The combination of Africa’s demographic dividend and the new industrial revolution provides a unique opportunity to accelerate the region’s economic development. In this paper, we outline opportunities for African leaders to lay the basis for faster and sustainable job creation within this context. Read more on this from me and from GE Africa CEO Jay Ireland.
The future of work in Korea: A new strategy for growth by Marco Annunziata (July 2015).
Korea is a poster child for economic development: it is one of the few countries that escaped the “middle-income trap” and graduated to high income levels. But the country has suffered a widening productivity gap vis-à-vis its competitors. To establish a leading position for the coming decades, Korea needs a new growth model — built on the Future of Work.
Mapping the future of work in MENAT: A 2015 outlook by Marco Annunziata and Rania Rostom (April 2015).
Mapping the future of work in MENAT by Marco Annunziata and Rania Rostom (October 2014).
The creative disruption of these converging technological trends can help Middle Eastern countries create good jobs for young and growing populations; improve living standards by improving healthcare service delivery; and reduce energy consumption and cut subsidies — a major drain on public budgets — without imposing an undue burden on the population.
These waves of innovation are coming just as Turkey’s economy has reached a critical turning point. Here’s how it can harness them to avoid falling into the middle-income trap.
By Marco Annunziata; Murat Uçer, Economist, Co-founder Datamonitor, Faculty at Department of Economics, Koc University; Metin Under, Journalist Assoc. Prof. Selim Balcısoy, Entrepreneur & Faculty at Engineering & Natural Sciences, Sabancı University; Prof. Ahmet Duyar, Entrepreneur & Faculty at Mechanical Engineering, Ozyegin University; Berrin Benli, Founder Innovation & Big Data Institute; Halil Aksu, Entrepreneur & Futurist; Sait Olmez, PhD, Entrepreneur & Director of IT & Data Analytics Graduate Program, Sabancı University.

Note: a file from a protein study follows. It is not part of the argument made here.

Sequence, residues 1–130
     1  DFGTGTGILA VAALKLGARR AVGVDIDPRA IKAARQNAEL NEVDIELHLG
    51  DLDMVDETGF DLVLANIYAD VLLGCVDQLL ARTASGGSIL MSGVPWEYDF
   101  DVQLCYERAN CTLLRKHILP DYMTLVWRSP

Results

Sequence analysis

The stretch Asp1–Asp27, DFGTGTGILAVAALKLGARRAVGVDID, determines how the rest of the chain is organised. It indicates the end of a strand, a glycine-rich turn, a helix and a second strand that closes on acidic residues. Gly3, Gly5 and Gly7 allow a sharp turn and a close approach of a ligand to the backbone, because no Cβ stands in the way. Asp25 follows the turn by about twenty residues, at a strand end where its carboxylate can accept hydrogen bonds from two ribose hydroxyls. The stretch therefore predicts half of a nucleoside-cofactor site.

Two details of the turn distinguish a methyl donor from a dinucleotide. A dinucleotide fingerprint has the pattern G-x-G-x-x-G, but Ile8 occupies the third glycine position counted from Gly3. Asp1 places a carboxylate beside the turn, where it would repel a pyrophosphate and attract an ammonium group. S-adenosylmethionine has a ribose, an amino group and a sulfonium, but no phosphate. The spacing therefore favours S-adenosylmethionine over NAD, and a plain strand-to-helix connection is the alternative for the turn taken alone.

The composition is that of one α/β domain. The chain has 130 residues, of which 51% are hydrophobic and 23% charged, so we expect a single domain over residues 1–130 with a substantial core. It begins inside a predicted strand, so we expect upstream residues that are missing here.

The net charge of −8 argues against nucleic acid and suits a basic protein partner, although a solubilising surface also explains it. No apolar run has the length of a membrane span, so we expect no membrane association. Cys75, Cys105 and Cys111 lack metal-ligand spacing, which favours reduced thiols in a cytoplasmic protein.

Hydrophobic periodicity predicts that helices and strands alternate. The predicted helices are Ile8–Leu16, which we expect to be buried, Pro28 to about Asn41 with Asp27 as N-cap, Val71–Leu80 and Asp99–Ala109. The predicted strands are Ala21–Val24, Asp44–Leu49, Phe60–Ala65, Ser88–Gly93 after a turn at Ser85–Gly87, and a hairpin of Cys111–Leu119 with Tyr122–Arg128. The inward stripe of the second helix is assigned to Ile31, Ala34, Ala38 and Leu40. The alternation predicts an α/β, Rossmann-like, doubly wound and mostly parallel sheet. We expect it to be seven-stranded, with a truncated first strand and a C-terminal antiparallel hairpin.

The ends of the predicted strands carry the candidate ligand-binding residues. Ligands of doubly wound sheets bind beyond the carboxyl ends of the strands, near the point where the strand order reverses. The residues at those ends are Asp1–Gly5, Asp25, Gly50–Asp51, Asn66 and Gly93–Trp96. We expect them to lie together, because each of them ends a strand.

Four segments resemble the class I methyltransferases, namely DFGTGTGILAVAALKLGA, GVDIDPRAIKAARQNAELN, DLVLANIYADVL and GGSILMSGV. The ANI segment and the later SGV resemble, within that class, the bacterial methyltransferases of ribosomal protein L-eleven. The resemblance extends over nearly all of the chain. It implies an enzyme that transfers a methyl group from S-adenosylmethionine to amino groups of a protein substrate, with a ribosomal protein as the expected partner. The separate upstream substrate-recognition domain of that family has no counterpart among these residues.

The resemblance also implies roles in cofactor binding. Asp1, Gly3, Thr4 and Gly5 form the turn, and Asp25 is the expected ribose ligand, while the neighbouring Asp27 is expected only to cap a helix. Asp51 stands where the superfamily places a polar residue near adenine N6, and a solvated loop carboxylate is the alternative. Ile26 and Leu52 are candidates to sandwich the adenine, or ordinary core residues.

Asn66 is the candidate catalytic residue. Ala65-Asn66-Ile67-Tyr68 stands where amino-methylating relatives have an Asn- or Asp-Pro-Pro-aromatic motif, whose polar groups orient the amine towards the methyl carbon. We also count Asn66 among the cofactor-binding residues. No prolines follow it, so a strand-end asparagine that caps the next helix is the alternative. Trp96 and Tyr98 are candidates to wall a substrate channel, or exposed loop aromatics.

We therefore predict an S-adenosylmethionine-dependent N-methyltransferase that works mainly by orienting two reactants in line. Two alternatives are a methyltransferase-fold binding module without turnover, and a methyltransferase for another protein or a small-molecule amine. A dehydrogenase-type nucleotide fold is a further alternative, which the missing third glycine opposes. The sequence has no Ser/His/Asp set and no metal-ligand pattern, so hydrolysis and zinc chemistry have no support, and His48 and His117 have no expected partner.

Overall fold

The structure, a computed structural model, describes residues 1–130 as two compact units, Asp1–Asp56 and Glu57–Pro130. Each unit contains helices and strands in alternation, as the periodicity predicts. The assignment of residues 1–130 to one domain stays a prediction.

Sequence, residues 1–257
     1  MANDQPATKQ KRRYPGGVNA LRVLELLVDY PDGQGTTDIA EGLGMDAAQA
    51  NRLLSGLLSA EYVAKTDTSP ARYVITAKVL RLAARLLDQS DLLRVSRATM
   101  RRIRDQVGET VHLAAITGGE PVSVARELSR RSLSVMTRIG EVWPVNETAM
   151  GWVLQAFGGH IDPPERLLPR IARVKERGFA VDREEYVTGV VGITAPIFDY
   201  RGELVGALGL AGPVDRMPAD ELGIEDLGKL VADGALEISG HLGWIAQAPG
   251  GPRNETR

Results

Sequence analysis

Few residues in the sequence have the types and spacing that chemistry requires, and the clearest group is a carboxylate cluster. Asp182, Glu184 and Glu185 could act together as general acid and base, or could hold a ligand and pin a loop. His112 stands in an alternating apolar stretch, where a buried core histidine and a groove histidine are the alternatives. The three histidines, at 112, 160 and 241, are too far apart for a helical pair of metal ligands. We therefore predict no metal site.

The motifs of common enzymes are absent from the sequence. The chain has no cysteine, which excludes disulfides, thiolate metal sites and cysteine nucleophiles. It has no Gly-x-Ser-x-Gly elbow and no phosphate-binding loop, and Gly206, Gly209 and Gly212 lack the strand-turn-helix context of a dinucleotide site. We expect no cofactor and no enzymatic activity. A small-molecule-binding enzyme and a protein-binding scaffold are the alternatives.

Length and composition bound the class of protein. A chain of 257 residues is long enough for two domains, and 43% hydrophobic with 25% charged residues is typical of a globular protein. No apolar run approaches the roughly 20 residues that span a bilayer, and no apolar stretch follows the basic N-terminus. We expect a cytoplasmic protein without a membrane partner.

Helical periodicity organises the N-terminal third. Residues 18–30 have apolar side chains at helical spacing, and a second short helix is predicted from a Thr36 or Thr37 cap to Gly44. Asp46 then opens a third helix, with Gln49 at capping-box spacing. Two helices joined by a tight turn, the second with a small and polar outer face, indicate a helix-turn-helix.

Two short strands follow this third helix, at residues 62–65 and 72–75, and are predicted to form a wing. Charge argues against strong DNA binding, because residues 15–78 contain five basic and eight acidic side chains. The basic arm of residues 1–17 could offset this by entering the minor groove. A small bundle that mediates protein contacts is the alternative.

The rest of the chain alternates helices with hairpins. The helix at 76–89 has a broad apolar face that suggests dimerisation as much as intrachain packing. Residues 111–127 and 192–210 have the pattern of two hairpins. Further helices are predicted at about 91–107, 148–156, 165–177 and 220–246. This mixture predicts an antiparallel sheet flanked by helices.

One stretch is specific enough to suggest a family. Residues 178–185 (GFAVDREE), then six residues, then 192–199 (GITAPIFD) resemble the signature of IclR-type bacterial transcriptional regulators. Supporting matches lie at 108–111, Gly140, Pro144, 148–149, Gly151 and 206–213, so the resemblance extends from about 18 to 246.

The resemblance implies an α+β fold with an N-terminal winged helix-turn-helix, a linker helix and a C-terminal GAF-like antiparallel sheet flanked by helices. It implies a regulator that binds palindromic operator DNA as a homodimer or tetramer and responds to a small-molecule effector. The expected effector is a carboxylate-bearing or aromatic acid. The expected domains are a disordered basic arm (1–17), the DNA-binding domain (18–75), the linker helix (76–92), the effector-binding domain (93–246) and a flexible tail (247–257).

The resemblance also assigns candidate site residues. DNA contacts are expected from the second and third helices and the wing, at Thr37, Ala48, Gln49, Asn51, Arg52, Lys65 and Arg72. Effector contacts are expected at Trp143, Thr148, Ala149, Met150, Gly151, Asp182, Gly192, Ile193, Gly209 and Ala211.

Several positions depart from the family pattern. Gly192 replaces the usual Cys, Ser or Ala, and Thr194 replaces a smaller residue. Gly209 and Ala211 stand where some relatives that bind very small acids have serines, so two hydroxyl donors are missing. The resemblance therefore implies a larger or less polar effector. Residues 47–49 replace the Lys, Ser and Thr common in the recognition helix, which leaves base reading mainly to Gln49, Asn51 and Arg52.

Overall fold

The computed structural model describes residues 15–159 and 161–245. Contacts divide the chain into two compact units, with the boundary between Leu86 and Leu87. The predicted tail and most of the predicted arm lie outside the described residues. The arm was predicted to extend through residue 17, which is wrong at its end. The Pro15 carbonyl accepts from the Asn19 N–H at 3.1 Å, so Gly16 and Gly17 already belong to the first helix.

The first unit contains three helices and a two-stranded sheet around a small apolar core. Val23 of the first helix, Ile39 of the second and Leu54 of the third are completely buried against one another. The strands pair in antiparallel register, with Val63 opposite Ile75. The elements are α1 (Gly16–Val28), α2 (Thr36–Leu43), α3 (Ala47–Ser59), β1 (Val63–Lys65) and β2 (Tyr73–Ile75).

The future of work in Australia: Building the third wave of growth by Marco Annunziata and Shlomi Kramer (November 2014).
As mining and resource booms slow, Australia’s focus on operating expenditure and productivity will naturally increase. The digitization of industry can reboot efficiency and competitiveness in Australia’s traditional areas of strength, notably in commodities and energy.
The state of European innovation by Marco Annunziata, Hugh Gillanders, Chris Haenen, Simon Hemsworth, and JP Soltesz (October 2014).
Industrial Internet: A European perspective by Marco Annunziata (June 2013).
Years after the global financial crisis, Europe’s recovery still sputters. But the region is uniquely positioned to harness the power of the Future of Work. This wave of innovations is intrinsically based on openness and collaboration — values at the very heart of the European project.
Finally, here is a note I wrote on the Future of Work in the Developing World for the 2015 Brookings Blum Roundtable.
“The accelerating pace of digital-industrial innovation can help developing economies leapfrog existing technologies and more quickly gain competitiveness in the global marketplace.”
How these trends are transforming industrial sectors.
Digital future of oil & gas and energy by Marco Annunziata (February 2016).
The sharp decline in oil prices has placed them squarely at the center of the global economic debate. But more important is that the oil and gas market is undergoing a deeper and more complex transformation, one that will have powerful repercussions over the coming decades. Read more here.
Powering the future: Leading the digital transformation of the power industry by Marco Annunziata and Ganesh Bell (September 2015).
Imagine: A future of energy that realizes the goal of ubiquitous access to clean, reliable, sustainable and secure electricity, while fostering economic growth through the creation of new energy ecosystems. The convergence of digital and physical technologies brings this within reach.
Marine’s digital revolution by Marco Annunziata and Shlomi Kramer (September 2015).
Digital innovation will allow ship operators to position themselves for better growth and margins in the decades to come. They can enhance routing and the speed and efficiency of maintenance and repairs, improve fuel efficiency and environmental sustainability, and help cope with the shortage of skills caused by an aging workforce.
“Thanks to the digital-industrial revolution, industry is in a position to experience a rapid pace of sophisticated innovation that can lay the basis for renewed sustainable growth and profitability for the next several decades.”
For more debate and discussion on the next industrial revolution and what it means for work across industries and across the globe, please visit our GE Reports blog.
And finally … to sign up for my analyses and musings, subscribe at http://invent.ge/economics.